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In Calonge v. City of San Jose, the 9th Circuit ruled it's clearly established that when a man's walking down the street with a gun in his waistband, posing no threat, police can't shout conflicting commands and then shoot.

Beyond the holding itself, the 9th Cir. makes a couple important analytical moves to get to its decision. First, it explains that the plaintiff doesn't have to cite the cases that clearly establish the law in her brief - if the cases exist, the law is clearly established.

Next, the 9th Cir. finds that the plaintiff's facts show a constitutional violation, relying on 9th cir precedent, and then make clear that that precedent is enough to clearly establish the law.

Third. The 9th Circuit makes clear, in rejecting defendant's argument, that the key question is whether the law is clearly established VIEWING THE FACTS IN THE LIGHT MOST FAVORABLE TO THE PLAINTIFF. That's the standard, but courts all too often seem to forget it.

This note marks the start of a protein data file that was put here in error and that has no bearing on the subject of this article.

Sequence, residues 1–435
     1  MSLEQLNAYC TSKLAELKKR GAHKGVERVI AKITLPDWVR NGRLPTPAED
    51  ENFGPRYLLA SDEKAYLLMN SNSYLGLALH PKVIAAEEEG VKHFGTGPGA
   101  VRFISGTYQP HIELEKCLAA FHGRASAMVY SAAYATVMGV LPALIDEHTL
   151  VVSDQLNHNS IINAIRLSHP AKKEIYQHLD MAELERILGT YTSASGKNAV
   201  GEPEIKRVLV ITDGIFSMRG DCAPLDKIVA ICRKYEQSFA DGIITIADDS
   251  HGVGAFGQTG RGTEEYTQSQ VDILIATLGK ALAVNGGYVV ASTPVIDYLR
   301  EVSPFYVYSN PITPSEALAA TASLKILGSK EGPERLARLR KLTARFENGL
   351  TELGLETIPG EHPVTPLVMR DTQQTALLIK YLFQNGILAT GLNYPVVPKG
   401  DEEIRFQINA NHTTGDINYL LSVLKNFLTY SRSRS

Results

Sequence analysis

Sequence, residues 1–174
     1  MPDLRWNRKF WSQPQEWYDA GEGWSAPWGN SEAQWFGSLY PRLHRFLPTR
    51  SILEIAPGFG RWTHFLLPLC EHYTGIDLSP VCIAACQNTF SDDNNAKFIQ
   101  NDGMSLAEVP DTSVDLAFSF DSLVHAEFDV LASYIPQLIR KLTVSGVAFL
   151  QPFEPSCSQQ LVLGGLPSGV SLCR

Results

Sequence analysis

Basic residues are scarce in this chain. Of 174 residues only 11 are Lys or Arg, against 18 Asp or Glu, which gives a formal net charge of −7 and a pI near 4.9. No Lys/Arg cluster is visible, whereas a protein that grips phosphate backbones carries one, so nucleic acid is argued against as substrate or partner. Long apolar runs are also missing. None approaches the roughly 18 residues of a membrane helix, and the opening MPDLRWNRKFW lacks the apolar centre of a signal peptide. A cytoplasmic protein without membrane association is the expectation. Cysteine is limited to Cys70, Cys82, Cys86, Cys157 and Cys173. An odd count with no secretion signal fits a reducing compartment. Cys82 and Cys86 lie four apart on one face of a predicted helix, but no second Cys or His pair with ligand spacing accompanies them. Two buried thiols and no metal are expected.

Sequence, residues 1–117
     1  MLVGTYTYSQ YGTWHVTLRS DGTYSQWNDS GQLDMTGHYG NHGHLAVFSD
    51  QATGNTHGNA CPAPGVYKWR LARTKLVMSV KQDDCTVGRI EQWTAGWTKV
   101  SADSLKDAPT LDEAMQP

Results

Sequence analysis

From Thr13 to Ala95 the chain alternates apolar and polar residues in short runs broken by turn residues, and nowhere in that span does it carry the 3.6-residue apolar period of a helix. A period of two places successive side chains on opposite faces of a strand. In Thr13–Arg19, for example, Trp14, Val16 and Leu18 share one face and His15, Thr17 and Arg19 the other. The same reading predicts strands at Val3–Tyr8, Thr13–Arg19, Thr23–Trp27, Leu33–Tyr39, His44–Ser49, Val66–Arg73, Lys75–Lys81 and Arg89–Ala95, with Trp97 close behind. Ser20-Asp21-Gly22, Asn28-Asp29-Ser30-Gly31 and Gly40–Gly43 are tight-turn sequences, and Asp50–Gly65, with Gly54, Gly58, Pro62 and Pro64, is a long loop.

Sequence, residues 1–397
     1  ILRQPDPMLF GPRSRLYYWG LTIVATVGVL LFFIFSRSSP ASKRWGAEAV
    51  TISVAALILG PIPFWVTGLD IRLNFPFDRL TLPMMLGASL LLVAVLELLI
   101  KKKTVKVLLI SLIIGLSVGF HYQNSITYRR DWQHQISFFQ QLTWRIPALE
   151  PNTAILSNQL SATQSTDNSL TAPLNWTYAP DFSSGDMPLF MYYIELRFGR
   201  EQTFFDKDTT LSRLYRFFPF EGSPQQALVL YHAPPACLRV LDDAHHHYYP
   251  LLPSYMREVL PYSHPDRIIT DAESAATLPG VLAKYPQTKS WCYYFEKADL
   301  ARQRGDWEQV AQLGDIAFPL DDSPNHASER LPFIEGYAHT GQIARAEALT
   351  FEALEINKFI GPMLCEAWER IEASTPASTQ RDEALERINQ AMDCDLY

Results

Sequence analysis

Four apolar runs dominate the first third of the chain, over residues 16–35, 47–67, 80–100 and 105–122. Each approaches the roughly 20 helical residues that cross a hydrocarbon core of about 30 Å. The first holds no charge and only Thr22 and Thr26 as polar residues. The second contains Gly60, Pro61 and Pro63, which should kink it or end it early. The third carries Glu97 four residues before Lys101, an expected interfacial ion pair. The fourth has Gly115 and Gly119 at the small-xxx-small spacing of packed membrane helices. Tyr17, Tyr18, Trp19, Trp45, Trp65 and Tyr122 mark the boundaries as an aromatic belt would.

Thank you, Ninth Circuit, for a sensible application of a nonsensical doctrine.

Anyone interested in qualified immunity must pay close attention to New Mexico, which passed an act effectively ending qualified immunity in 2021. New Mexico Law Review held a terrific symposium about the statute, and the symposium issue (with my keynote) is out now. The entire symposium issue is at: and my keynote is here:

In addition to the articles, the symposium was terrific - a panel of legislators & commissioners spoke about getting the bill passed & another panel was lawyers who litigate these novel claims. Those thinking about enacting similar statutes must watch:

I am over the moon that my book, Shielded: How the Police Became Untouchable, has won the American Bar Association's Silver Gavel award.

The award is meant to recognize works “exemplary in fostering the American public’s understanding of law and the legal system,” and that is just what I aimed to do with Shielded - explain the many legal & bureaucratic barriers that make it so difficult for people wronged by police to get justice in the courts.

I describe these barriers and their impact through the stories of people whose lives were upended by police misconduct and then upended again by the courts. Learn about them on my website here, or in interviews I did on Fresh Air and Strict Scrutiny - or, heck, just get the book at

The other amazing finalists for this award illuminate the criminal legal system, the Supreme Court’s shadow docket, campaign $, free speech, FDR’s Supreme Court, and the Espionage Act - you should read them all too. I am honored to be in their company. And thanks to the ABA for this award! 

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